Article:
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GILLYARD v. HERBERT

January 30, 2003

WAYNE GILLYARD, PETITIONER,
v.
VINCENT HERBERT, SUPERINTENDENT, ATTICA CORRECTIONAL FACILITY, RESPONDENT.



The opinion of the court was delivered by: Gabriel W. Gorenstein, United States Magistrate Judge

REPORT AND RECOMMENDATION

To the Honorable Denny Chin, United States District Judge

Wayne Gillyard, currently in the custody of Attica Correctional Facility, petitions this Court pro se for a writ of habeas corpus pursuant to 28 U.S.C. § 2254. The respondent has moved to dismiss the petition as time-barred. See 28 U.S.C. § 2244(d)(1). For the following reasons, the motion should be granted.

I. BACKGROUND

A. The Trial and Direct Appeal

By New York County Indictment Number 421/92, filed on May 13, 1992, Gillyard was charged with two counts of Murder in the Second Degree (New York Penal Law §§ 125.25[1], [3]), two counts of Robbery in the First Degree (New York Penal Law §§ 160.15[1], [4]) and one count of Robbery in the Second Degree (New York Penal Law § 160.10[1]). See Memorandum of Law in Support of Motion to Dismiss, dated October 4, 2002 ("Resp. Motion") (annexed to Notice of Motion, Affirmation, Memorandum of Law & Exhibits in Support of Motion to Dismiss Petition as Timebarred, filed October 8, 2002 ("Notice")), at 2. A jury trial was held before Justice Alvin Schlesinger, Supreme Court, New York County, beginning November 24, 1992. Id. at 1-2. On December 3, 1992, Gillyard was found guilty of the only count submitted to the jury: Murder in the Second Degree. Id. at 2. On January 7, 1993, a judgment of conviction was entered sentencing him to a prison term of twenty years to life. Id.; see Petition Under 28 U.S.C. § 2254 for Writ of Habeas Corpus by a Person in State Custody, filed January 8, 2001 ("Petition"), ¶¶ 2-4.

Gillyard appealed his conviction to the Appellate Division, First Department, alleging that i) the trial court erred in refusing to allow him the opportunity to introduce certain evidence at trial, and ii) the trial court should have given the jury an "accomplice-in-fact" instruction as to Muhammad Johnson, the sole eyewitness to the crime. See generally Brief for Defendant-Appellant, dated July 1998 ("Def. Brief") (reproduced in Notice, Ex. B). The Appellate Division affirmed the conviction by decision dated February 23, 1999. People v. Gillyard, 258 A.D.2d 381 (1st Dep't 1999). On June 24, 1999, the Court of Appeals denied Gillyard's application for leave to appeal. People v. Gillyard, 93 N.Y.2d 970 (1999). Gillyard did not file a petition for writ of certiorari to the United States Supreme Court or seek collateral review.

One week after the Court of Appeals denied leave to appeal, Gillyard's appellate counsel sent Gillyard a letter informing him of the denial of leave to appeal. Letter from Amy Donner, dated July 1, 1999 (annexed to Petitioner's Amended Affirmation, dated June 13, 2002 ("Amended Aff."), Ex. "Evidence 11#"), at 1. The letter also informed Gillyard that he could file a petition in federal court for writ of habeas corpus, describing in detail the issues that Gillyard could appropriately raise in such a petition. Id. at 2. Finally, the letter informed Gillyard of the one-year limitations period applicable to petitions for writ of habeas corpus under the Antiterrorism and Effective Death Penalty Act of 1996 ("AEDPA"). See 28 U.S.C. § 2244 (d)(1). Specifically, the letter stated:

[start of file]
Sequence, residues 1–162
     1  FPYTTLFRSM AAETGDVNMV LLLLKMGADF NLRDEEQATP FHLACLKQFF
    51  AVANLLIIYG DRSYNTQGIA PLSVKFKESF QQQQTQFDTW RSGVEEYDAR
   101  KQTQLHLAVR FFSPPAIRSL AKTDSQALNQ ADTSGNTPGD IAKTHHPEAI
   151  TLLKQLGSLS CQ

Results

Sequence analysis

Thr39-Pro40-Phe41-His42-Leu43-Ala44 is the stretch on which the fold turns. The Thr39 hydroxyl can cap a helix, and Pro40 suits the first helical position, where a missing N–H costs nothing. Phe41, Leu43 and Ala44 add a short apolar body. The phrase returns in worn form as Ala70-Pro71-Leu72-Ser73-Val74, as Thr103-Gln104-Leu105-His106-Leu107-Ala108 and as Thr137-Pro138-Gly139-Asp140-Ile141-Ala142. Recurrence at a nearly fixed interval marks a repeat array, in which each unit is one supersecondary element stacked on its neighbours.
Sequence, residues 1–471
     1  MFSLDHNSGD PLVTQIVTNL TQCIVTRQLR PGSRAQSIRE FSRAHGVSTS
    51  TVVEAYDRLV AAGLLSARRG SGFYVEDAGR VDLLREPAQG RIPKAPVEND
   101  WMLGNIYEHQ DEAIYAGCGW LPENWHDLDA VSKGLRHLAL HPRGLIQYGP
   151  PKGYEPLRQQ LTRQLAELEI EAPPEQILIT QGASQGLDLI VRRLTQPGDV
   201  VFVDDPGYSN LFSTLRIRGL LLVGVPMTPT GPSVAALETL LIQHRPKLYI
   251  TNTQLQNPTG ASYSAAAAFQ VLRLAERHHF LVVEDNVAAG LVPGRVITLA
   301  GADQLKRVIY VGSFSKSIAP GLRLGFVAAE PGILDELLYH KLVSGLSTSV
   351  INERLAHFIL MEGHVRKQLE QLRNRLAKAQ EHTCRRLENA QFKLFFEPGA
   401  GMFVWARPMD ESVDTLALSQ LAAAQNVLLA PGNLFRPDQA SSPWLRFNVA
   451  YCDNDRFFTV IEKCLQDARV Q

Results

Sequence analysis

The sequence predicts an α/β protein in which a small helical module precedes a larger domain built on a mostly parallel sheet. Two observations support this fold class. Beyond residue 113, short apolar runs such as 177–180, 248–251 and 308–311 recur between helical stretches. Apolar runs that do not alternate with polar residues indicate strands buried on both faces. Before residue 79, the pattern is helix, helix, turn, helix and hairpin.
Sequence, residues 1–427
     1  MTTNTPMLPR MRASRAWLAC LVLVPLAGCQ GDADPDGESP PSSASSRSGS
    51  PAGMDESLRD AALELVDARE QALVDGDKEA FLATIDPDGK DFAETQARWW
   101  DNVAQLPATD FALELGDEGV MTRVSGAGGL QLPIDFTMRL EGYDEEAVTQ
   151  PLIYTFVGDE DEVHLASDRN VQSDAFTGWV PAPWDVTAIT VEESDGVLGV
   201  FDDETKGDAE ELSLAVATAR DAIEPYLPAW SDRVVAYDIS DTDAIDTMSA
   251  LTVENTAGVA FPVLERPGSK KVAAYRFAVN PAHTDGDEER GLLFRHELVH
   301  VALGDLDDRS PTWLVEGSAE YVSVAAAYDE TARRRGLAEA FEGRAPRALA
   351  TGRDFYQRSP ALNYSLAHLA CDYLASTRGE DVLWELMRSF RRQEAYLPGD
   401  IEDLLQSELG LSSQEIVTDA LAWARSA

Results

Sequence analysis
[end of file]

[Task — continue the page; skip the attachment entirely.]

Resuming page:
I want to be certain that you understand . . . that, under provisions adopted by Congress in 1996, you are required to file the petition within one year of the conclusion of the direct appeal. Thus, in your case, if you choose to file a habeas petition, you would have to do so before June 23, 2000, since the Court denied our leave application on June 24, 1999.
Id. at 3 (emphasis in original). This letter was written prior to the Second Circuit's decision in Williams v. Artuz, 237 F.3d 147 (2d Cir.), cert. denied, 534 U.S. 924 (2001), which held that a petitioner has an additional 90 days following the exhaustion of appeals (or following the completion of United States Supreme Court certiorari proceedings) to file a federal habeas petition. Id. at 151.

B. The Instant Petition

The petition for writ of habeas corpus was filed in the Northern District of New York on January 8, 2001. See Petition at 1.*fn1 The Northern District of New York sent Gillyard a receipt for the petition dated January 12, 2001, after which the petition was transferred to the Southern District of New York. In the petition, Gillyard presented the same arguments that he made before the Appellate Division. See generally Memorandum of Law in Support of Application for Writ of Hebeas [sic] Corpus, filed January 8, 2001 ("Habeas Mem.").

As it appeared the petition was time-barred under the AEDPA, Chief District Judge Michael B. Mukasey directed Gillyard to show cause why the statute of limitations should not bar the petition. See Order, dated April 24, 2001. Gillyard filed his affirmation on May 14, 2001, which stated in its entirety: "I don't relly no the law like that I have some one helpin me out on apply at this time, to say I'm a wear of the limitation." See Petitioner's Affirmation, dated May 9, 2001, at 1 (errors in original). By order dated May 22, 2002, Judge Mukasey ruled that Gillyard's affirmation failed to comply with the instructions in his April 24, 2001 order and granted Gillyard an additional thirty days in which to file an amended affirmation. See Order, dated May 22, 2002, at 1. Gillyard thereafter filed an amended affirmation providing more arguments regarding his failure to file timely.

On October 8, 2002, the respondent moved to dismiss the petition as time-barred. Gillyard filed a reply to this motion on November 15, 2002. See Petitioner's Opposition to Respondent's Motion ...


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